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A few days ago, a group of men in the name of “culture cops” assaulted youngsters who were involved in a private party. The women in the party were especially subjected to harassment and humiliation. This is not the first time such an incident is happening in Mangalore. What infuriates me the most is the Karnataka Chairperson for women who has said that “Such parties mislead women”.
A mob of lunatics in the name of ‘culture’ break into a party and take law in their hands. On top of it they harass young girls and boys and all that our leaders can think of is that “Why are women at such parties”?
I discussed this issue with a few students at my college. “Simply tagging something as against our culture does not justify molestation or violence against anybody. Perception of what is right wrong or right within our culture differs from person to person,” says Sneha Balasubramaniam, a second year B.Com student. Another exasperated college student Janani subramaniam asks, “If molesting a woman is a punishment for partying, what is the ‘culture’ they are trying to set”?
It is not the first time a crime against a woman has been justified by saying that ‘she asked for it’.
The expectation that the society sets on a normal woman has always been very unreasonable. A woman, in our epics and traditions was either worshipped or held in a position of great respect. From goddess Saraswati the giver of education to Sita who is an epitome of loyalty women have always been associated with idealistic standards. Even today many families believe that it is only the women who carry the burden of culture on her shoulders. We still live in a world where everyone expects a woman to be the “ideal” everything.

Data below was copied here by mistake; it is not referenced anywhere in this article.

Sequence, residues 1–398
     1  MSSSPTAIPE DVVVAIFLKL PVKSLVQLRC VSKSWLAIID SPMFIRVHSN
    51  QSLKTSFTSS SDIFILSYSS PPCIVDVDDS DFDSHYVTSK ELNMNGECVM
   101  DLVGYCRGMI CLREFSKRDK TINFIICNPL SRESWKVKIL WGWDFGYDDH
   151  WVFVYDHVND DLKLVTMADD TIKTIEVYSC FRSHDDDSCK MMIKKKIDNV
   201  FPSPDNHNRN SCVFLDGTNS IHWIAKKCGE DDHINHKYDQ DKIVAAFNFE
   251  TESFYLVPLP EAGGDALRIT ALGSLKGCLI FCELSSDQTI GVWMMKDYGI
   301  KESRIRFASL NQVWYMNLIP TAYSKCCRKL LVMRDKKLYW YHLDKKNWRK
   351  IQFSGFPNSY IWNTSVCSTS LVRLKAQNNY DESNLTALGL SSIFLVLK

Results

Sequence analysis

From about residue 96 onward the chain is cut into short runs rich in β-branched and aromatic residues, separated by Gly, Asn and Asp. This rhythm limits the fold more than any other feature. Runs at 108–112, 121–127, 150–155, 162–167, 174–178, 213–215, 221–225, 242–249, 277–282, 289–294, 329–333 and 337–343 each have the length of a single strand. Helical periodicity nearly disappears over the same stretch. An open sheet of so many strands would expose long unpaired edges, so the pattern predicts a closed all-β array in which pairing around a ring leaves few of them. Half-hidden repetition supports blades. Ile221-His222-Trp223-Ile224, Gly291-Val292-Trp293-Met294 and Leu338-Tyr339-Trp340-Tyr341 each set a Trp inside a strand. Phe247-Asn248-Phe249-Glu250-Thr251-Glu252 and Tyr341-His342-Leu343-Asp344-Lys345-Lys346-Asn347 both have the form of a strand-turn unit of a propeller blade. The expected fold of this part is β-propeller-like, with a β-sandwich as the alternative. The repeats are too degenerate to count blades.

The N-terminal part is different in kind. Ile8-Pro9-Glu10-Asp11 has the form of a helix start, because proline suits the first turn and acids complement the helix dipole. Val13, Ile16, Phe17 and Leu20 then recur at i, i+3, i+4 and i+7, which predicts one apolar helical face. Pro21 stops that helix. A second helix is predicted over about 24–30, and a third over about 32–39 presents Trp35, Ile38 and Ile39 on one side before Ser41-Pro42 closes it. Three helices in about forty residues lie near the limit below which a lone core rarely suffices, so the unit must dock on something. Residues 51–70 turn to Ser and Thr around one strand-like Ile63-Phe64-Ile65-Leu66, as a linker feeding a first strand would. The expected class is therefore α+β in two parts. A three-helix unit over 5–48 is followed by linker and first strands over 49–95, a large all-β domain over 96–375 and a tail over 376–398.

My question however is that are we really living in a world where anybody has the position to even demand idealistic comparisons’?
We are living in a world where corruption is at its peak, where money dictates your life and where relationships crumble faster than a cookie. All around the world from the way we brush our teeth to the way we receive our salary has changed thanks to technology and globalization. Even our President who was earlier driving in an Indian make car has now shifted to a top notch car made in Germany. We earn our daily share of bread in this vibrant competitive globalized environment.
Yet, when it comes to “women”, you expect her to be someone who has not at all changed or steered away from the times of yore! Even though everything around us is changing we still want women to be indifferent to these changes and remain the ‘ideal’ Indian woman!
A friend who was dressed in every international brand possible starting from his clothes to his wallet once told me that he wanted to marry a ‘traditional Indian girl’. That is when it struck me that we probably have modernized in terms of our attire and lifestyles, but in our roots we are not Indian, but rather backward.
I have heard people tell me that it was not a wise idea to have a drink in a pub because once a woman is drunk she is in a state where she can be exploited. There is of course another way of looking at it. Are men simply animals with only carnal desires such that they are ready to rape any girl in an exploitable state? If such comparison angers any man with a tinge of self-respect, it is high time they stand up for the injustice done to women in the name of “culture”.
Every time I write something that relates to gender equality I quote this line. I was raised in a family where what was ok for my brother, was always ok for me. There were absolutely no double standards when it came to rules or night outs. And I also grew up with a father and a brother who never interfered with my personal space or acted in a chauvinistic manner.
These attitude changes in the society will take a long time to happen, but the immediate question here is that what we are going to do with the men who call themselves “culture cops”. People in responsible positions instead of giving sweeping statements to the media about culture and women have to have the spine to punish these criminals in the first place. These punishments must set an example to not only anyone who intends to hurt women but also to anyone who in the future tries to take law in their hands!
Nandhitha Hariharan is a writer with a love for anything that is pretty or covered
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